“Our identity as a nation — unlike many other nations — is not determined by geography or ethnicity, by soil or blood,” Bush said. “Being an American involves the embrace of high ideals and civic responsibility. We become the heirs of Thomas Jefferson by accepting the ideal of human dignity found in the Declaration of Independence.”
“We claim all of our history: the good and the bad,” Obama said. “We can acknowledge the fact that Thomas Jefferson … owned and sold slaves, while also acknowledging that he wrote the words, ‘We hold these truths to be self-evident, that all men are created equal …’ We can recognize that, even if our past is not perfect, we can still honor the constitutional ideals that have allowed us to come this far and to keep moving toward a more perfect union.”
-- In the Virginia governor’s race, Bush and Obama are on opposite sides. On Monday, W. headlined two big fundraisers in Virginia for Ed Gillespie, who was a senior adviser in his White House and chairman of the Republican National Committee during his presidency.
To galvanize Trump voters who didn’t support him in the Republican primary, Gillespie has been running TV ads defending Confederate statues and trying to link his opponent to MS-13 gang violence.
Obama, who said he’s seen these commercials while watching television at his new home in Washington, said the attacks are as “cynical as they get.” “What he’s really trying to deliver is fear,” Obama said. “If you scare enough voters, you might score just enough votes to win an election. That’s what makes this … damaging to our democracy.”
He tried last night to recapture some of the themes of unity that animated his 2008 campaign, allowing him to become the first Democrat to carry Virginia since 1964. “At a time when our politics just seem so divided and so angry and so nasty, it’s whether we can recapture that spirit, whether we support and embrace somebody who wants to bring people together,” Obama said. “Yes, we can,” the crowd chanted.
1. “Our country must show resolve and resilience in the face of external attacks on our democracy. And that begins with confronting a new era of cyber threats. America is experiencing the sustained attempt by a hostile power to feed and exploit our country’s divisions. According to our intelligence services, the Russian government has made a project of turning Americans against each other. This effort is broad, systematic and stealthy. … We must secure our electoral infrastructure and protect our electoral system from subversion.”
2. Maintain America’s role in sustaining and defending an international order rooted in freedom and free markets: “Our security and prosperity are only found in wise, sustained, global engagement. … We should not be blind to the economic and social dislocations caused by globalization. People are hurting. They are angry. And, they are frustrated. We must hear them and help them. But we can’t wish globalization away, any more than we could wish away the agricultural revolution or the industrial revolution. One strength of free societies is their ability to adapt to economic and social disruptions.”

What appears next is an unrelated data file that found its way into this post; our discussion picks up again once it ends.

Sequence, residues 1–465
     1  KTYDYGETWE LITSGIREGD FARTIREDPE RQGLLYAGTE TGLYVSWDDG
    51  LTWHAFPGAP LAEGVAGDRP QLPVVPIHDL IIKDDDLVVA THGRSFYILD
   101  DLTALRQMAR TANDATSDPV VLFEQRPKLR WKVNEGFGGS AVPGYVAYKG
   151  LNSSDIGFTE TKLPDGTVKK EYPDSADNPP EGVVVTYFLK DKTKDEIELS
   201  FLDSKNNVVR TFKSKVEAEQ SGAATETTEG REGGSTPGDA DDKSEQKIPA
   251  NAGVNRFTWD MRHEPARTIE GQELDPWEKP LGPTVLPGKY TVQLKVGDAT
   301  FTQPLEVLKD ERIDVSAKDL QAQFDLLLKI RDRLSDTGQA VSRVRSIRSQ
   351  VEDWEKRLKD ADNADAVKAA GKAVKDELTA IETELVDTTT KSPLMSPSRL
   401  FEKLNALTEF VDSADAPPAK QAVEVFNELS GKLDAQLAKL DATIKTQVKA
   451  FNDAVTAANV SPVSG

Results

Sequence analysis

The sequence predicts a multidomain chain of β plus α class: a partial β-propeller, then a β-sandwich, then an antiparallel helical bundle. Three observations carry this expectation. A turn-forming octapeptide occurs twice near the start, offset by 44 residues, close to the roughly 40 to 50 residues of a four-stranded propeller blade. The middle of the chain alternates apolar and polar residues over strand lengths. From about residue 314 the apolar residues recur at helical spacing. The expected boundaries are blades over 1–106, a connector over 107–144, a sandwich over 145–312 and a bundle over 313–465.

3. Strengthen democratic citizenship: “We need a renewed emphasis on civic learning in schools. And our young people need positive role models. Bullying and prejudice in our public life sets a national tone, provides permission for cruelty and bigotry, and compromises the moral education of children. The only way to pass along civic values is to first live up to them.”
4. The major institutions of the country, public and private, must address the problem of declining trust: “For example, our democracy needs a media that is transparent, accurate and fair. Our democracy needs religious institutions that demonstrate integrity and champion civil discourse. Our democracy needs institutions of higher learning that are examples of truth and free expression.”
-- Both former presidents closed their speeches by making the case against losing faith in democracy.
Bush called self-correction “the secret strength of freedom”: “It is the great advantage of free societies that we creatively adapt to challenges, without the direction of some central authority. … We are a nation with a history of resilience and a genius for renewal. The American spirit does not say, ‘We shall manage,’ or ‘We shall make the best of it.’ It says, ‘We shall overcome.’ And that is exactly what we will do, with the help of God and one another.”
Obama said that America “zigs and zags,” and that setbacks have often followed progress. “That’s what our founders, for all their flaws, understood,” he said. “Our fate is in our own hands. That was the radical idea of America. That we decide our direction. Not some king. Not some despot. But us: the citizens. Our progress does not always go in a straight line. Sometimes we take two steps forward, and we might take a step back. (The founders) understood that too. But the idea of America is not about going backward. It’s about pushing forward.”